In 2017 after many years of love, Astley Vineyard was sold to new owners. After allowing them to settle in,we thought now was a good time to catch up with them to hear their English wine story and to find out what's in store for the future of Astley Vineyard. The following interview is a lovely personal story of the 'right timing' and passion for wine.
Hi Chris, great to have you here on our 'Vineyard Focus blog'. It's all change at Astley recently, could you provide some background on yourself and the new team at Astley Vineyard. What did you do before Astley?
We are a family of five (four of whom live at the vineyard itself) who planted our roots in this region over twenty years ago. We originally lived just 15 minutes away from where we are now, so it feels apt to find ‘our calling’ so close to where we started our story in Worcestershire.
My parents, Tim & Bev, are the owners of the business and are the ones who put forward the idea of the vineyard. Tim used to be a financial director in the City and has since retired to become Astley’s Viticulturist and Landscaper. Bev has been involved with community work for 20 years now – setting up the local village hall and countless other projects – and now she covers all aspects of the business. She’s the media shy one, but she actually makes all elements of the business work smoothly and cohesively.
My wife, Matleena (Finnish) still does some part-time bookkeeping work from our time back in London, so she helps us with our accounts, taxes and admin when she’s free. She’s also a fierce crossfitter so she enjoys helping Tim with the chainsawing and heavy lifting. She’s a tough woman.
My sister, Daisy, works in Shrewsbury and doesn’t live onsite currently, but she often stays with us to help with our landscaping from a sustainability point of view. She’s great at improving our green credentials and has put alot of work into the management of our woodland. She’s also a great artist which we would like to exploit in the future.
And finally I suppose I am Astley’s ‘wine person’. I worked at Harvey Nichols’ wine shop in Knightsbridge for 2 years before this where I was fortunate enough to try and learn about many world class wines. After leaving there, I took the WSET level 2 & 3 condensed course where I qualified with a distinction in both elements, followed by taking a quick course in winemaking at Plumpton college. I also have a lot of experience with marketing and PR from my previous (but short) music career, so I do all of our online and content creation.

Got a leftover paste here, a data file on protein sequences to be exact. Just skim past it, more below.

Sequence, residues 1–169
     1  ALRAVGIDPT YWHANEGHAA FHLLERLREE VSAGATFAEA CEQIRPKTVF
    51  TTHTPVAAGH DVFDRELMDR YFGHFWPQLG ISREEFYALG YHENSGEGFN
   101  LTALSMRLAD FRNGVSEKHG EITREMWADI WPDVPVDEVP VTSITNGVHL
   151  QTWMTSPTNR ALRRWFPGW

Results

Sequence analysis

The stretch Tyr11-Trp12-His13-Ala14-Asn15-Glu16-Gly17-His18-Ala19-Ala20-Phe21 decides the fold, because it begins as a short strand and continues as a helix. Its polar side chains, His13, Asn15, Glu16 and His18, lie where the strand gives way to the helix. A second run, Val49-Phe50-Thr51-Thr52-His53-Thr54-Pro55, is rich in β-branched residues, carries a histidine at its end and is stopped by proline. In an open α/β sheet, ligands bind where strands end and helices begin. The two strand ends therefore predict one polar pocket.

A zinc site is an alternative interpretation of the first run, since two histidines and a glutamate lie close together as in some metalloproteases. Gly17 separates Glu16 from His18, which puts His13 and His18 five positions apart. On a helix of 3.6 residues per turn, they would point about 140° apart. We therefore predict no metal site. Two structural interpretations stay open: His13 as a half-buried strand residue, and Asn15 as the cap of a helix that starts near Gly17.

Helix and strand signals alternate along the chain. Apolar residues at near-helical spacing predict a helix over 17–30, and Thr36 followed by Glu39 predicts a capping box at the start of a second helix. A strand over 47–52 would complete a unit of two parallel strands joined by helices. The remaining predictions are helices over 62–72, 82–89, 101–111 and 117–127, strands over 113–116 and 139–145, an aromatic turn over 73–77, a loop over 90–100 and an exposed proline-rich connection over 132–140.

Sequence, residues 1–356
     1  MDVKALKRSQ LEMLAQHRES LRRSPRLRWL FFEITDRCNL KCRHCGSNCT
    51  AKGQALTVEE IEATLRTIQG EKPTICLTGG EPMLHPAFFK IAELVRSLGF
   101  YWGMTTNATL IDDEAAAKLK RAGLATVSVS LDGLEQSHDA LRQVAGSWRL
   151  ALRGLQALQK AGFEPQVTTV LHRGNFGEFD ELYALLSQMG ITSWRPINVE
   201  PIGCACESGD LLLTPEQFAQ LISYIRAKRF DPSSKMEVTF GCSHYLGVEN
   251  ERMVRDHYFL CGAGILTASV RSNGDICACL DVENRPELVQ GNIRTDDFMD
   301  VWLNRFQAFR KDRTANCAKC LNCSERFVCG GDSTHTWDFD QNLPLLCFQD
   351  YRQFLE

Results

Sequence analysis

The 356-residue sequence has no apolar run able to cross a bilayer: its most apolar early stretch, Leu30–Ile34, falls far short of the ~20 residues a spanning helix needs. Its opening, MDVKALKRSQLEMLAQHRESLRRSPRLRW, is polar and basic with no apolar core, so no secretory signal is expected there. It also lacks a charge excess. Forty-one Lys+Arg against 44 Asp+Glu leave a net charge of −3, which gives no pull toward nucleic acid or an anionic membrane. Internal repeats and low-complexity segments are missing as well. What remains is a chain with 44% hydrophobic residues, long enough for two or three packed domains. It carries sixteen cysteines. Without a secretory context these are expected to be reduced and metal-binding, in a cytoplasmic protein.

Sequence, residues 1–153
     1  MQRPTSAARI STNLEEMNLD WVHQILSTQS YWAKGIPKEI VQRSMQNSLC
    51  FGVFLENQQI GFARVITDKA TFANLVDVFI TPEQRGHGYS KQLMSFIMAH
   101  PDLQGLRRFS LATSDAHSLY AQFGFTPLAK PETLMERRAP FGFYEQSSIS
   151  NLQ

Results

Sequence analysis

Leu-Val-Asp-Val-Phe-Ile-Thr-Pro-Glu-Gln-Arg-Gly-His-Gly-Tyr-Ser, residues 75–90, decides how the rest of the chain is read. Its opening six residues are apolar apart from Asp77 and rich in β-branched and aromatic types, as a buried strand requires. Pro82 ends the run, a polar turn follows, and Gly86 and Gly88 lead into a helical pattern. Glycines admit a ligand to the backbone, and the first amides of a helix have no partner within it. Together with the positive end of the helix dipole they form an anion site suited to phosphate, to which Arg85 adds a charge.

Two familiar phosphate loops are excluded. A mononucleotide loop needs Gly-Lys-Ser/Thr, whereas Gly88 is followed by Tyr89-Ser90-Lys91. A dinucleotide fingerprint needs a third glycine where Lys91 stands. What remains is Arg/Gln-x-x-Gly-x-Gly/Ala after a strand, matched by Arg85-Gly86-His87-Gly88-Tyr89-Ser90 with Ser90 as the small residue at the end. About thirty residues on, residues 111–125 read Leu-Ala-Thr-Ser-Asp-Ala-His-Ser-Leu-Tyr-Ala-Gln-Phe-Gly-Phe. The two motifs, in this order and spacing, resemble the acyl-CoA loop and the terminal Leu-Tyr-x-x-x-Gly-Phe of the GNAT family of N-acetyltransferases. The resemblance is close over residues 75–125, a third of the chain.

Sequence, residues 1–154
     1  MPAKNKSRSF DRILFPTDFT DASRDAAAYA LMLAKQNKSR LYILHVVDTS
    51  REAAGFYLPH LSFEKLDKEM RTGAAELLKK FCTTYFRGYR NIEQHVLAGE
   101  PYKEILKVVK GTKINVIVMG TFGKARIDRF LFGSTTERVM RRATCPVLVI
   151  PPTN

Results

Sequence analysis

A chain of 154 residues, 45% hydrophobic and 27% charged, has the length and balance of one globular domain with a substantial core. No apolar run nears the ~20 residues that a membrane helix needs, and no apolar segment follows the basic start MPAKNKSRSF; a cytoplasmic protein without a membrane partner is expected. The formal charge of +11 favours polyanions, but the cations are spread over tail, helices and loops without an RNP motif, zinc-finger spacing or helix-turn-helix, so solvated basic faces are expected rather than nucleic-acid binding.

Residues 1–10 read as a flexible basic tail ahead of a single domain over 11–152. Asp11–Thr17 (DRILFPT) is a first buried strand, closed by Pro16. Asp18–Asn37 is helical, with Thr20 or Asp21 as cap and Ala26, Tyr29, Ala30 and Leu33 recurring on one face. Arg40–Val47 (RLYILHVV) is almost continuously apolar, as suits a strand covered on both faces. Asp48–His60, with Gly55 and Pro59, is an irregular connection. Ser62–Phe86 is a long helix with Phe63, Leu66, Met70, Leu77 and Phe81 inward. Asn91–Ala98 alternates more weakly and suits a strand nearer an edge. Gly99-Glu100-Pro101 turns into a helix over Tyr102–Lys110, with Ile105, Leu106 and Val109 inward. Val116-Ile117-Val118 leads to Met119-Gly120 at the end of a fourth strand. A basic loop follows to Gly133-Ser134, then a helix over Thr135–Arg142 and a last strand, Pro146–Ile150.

How/why did you get involved in the world of wine?
I’ve always had a burning passion for food and drink. I’m really adventurous and experimental when it comes to food, as well as being a passionate cook. When I moved to Harvey Nichols, I had a decent palate and passion for quality food and drink, but none of the technical theory. My manager saw this and sent me to every trade tasting possible. When I wasn’t serving customers I was taught about some of the 20,000 bottles we had available, and also had my nose stuck in numerous books. The world of wine fascinated me, and I was keen to lap-up all of the information before me.
There were two wines (both champagnes funnily enough) that were a turning point for me and solidified my future in wine.
First was Jaquesson Dizy Corne Bautray 2002 which we were treated to at my first Christmas at HN. It was monumentally complex with a richness I had never experienced before. This made me realise my love for vintage champagne and everything ‘wine’ to be honest! Next was Dom Ruinart 2006 which we were shown at a champagne tasting evening. It had a finesse, elegance and precision that blew me away. I doubt I’ll ever be able to afford either of these wines again unfortunately!
The final piece of the puzzle was the WSET qualification. It was intense and took a lot of energy, but it was thrilling to learn about the complexity and variety of wine out there. I think I took the exam as seriously at my university degree thinking back! I was setting myself up to take the Diploma, but then the vineyard stepped up a gear so I decided not to.
Why did you choose Astley Vineyard for your English wine journey?
It all started with it’s proximity to where we used to live, to be honest. Stourport is a small town, but it’s where our family really laid its roots in terms of community and memories.
After that, it came down to the quality of the wine. We are lucky that Astley Vineyard is so well established (planted in 1971) so it was more a case of assessing what was already there rather than having to think about planting a whole new vineyard.
The topic of the vineyard came up on Christmas day 2016 which was when we tried all of the wines for the first time. We instantly knew that we were tasting something special, so it then became a question of how it would work as a family business. Luckily, my parents were still living in the region, and I was about to leave my job in London, so the timing of the opportunity couldn’t have been better.
Also, philosophically the vineyard and Jonty (the previous owner) were also a very good match for us. We liked the boutique size of it, and we loved the way Jonty spoke and felt about the vineyard. It was a meeting of spirits in so many aspects. The lifestyle appealed to us massively, and although we of course want the business to be successful, it was never the money-side of the business that was driving us. We were looking forward to being together again as a family and living the outdoor life.